Artists have in recent years seem to have largely avoided the treasure aspect. With a true object of desire all the desirability is bound up in the object itself it does not need any history attached. I realise that solid gold objects or diamond encrusted skulls will be whipped out of the skip tout de suite, but so would bundles of used twenties! Some of the objects in the V&A are just there because of their historical interest but by far the most are there because of the intrinsic beauty of the object. Most are unattributed so whether the maker had an ear truncation moment in his or her past or not is plainly irrelevant. The other thing that struck me was that size was an issue. Treasure in an uncertain world seemed to need to be portable. Though there are large things for the most part they fit into a display case. This would explain those buried classical statues, just too big to carry off.

So, how to imbue you efforts with the treasure quality and make them worth a passer by swiping from our skip? The object need not be made of intrinsically valuable stuff, so I will exclude such objects as they muddy the water. So perhaps just a painting in a cheap damaged frame. I doubt many mass produced prints would be rescued, but what I really want to know is will one of my paintings be spared the landfill. I suppose it would be easy to test and I am quite tempted to try.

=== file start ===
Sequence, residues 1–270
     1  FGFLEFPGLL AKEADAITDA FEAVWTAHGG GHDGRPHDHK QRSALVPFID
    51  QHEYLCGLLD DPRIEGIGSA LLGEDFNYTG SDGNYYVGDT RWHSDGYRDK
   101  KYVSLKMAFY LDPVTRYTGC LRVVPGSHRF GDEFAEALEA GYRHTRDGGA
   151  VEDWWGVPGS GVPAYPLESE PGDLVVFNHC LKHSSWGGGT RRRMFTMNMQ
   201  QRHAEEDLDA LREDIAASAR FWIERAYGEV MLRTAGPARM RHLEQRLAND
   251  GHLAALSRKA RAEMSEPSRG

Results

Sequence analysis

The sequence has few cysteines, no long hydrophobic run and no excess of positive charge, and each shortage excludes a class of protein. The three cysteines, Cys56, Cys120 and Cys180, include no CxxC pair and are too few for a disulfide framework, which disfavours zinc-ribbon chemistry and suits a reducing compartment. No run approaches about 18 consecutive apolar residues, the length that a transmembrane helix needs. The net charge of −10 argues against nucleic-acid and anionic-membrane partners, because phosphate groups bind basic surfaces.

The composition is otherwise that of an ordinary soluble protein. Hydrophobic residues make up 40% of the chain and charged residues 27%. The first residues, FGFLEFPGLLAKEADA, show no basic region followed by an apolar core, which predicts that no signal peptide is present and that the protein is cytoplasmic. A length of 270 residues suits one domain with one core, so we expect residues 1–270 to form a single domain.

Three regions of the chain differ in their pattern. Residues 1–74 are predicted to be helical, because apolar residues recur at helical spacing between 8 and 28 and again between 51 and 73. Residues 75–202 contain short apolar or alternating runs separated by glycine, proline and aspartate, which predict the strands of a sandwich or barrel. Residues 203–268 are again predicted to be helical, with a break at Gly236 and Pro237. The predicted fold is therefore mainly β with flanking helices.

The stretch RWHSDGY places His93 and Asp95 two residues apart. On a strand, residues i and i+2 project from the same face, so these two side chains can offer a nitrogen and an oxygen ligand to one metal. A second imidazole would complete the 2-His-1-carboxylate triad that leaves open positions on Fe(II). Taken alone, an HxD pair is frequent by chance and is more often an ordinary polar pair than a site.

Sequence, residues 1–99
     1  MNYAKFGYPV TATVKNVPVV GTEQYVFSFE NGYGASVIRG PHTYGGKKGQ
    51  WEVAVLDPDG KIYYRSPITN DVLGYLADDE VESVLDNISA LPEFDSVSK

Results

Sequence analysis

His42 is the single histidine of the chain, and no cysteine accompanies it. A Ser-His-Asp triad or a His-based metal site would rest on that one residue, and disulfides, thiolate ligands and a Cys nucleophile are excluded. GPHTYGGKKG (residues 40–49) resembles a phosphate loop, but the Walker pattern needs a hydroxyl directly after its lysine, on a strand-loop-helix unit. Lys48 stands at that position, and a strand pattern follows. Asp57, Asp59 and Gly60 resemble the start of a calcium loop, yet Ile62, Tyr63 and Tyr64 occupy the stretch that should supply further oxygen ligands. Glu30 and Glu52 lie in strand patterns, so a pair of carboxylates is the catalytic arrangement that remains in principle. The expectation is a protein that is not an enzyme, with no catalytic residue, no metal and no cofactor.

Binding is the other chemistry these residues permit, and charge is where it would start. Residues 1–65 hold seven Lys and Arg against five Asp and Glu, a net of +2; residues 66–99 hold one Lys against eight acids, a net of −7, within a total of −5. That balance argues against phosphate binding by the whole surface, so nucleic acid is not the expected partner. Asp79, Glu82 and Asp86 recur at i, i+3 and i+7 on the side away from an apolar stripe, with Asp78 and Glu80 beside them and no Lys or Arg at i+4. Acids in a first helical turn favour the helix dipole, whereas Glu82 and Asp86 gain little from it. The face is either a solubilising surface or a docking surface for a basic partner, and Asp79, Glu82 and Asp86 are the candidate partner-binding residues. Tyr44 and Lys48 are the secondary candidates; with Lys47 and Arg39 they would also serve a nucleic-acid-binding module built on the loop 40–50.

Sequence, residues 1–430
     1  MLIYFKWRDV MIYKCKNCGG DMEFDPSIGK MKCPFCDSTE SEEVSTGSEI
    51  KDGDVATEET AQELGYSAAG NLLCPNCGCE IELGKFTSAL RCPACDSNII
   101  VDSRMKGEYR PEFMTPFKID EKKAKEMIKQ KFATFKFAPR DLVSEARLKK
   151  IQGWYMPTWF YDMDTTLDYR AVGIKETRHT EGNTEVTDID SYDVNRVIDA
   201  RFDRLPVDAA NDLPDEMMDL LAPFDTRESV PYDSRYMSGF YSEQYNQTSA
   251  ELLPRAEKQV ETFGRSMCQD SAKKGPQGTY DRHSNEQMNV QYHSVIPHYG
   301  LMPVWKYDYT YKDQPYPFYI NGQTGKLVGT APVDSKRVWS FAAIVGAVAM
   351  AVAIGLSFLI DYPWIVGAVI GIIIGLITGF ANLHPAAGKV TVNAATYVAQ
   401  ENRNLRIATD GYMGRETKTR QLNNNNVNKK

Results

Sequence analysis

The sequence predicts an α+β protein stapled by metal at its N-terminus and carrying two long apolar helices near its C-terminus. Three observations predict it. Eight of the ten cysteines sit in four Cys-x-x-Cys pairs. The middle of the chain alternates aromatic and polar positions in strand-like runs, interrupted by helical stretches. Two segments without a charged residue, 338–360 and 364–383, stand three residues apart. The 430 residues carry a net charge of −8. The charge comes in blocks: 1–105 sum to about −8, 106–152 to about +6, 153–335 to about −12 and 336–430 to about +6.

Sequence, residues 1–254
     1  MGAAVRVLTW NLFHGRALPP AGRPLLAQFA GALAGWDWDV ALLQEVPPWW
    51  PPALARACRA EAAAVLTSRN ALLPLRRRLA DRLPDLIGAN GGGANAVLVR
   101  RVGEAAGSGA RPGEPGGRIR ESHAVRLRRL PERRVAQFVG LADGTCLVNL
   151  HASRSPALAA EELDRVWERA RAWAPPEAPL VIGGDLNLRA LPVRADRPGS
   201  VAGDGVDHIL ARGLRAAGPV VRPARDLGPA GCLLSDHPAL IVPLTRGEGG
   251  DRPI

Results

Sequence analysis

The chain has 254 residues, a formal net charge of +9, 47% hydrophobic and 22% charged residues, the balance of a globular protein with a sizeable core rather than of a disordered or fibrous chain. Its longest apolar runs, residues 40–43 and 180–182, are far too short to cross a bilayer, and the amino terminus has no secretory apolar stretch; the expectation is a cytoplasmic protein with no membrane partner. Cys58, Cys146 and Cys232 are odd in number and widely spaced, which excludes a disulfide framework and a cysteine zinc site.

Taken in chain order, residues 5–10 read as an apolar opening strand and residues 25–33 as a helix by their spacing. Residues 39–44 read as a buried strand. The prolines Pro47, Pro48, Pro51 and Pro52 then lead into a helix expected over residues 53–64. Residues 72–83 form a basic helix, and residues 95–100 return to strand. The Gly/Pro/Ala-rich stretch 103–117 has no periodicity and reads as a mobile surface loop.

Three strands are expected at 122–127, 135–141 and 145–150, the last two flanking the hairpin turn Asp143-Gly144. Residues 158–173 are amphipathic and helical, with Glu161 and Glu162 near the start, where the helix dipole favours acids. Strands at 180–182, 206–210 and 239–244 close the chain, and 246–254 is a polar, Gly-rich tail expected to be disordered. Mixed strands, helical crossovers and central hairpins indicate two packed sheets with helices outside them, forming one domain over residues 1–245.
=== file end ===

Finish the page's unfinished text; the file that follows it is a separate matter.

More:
Sticking for the moment to theory. To my eye unifying quality creating the desirability of the items in the V&A is that they display expressed human skill and more than that the joy in expressing that skill. An object of utility might well express skill but a useful and beautified object revels in it. This is plainly in large part why they survived, generation after generation have found something pleasing about these objects and preserved them.  Many of course as an expression of portable wealth, but that wealth value is caused by the object being pleasing and thus desirable.

This is why I think the skip definition works so well. Today we look to an object’s location and presentation to judge value. You might put a bit of paper with numbers over it in a dustbin and no one will look at it twice. Put that same bit of paper in a safe and it would be viewed differently. The same occurs with current art objects. Put them in the Tate Modern or a swish penthouse flat and we quickly assess them to be Art and hence of value and consideration. Scatter the contents of the Tate Modern that had no intrinsic material value into skips around the capital and I wonder how many would be still there next day? I bet if you scattered the V&A contents in the same way they would have a far larger survival rate.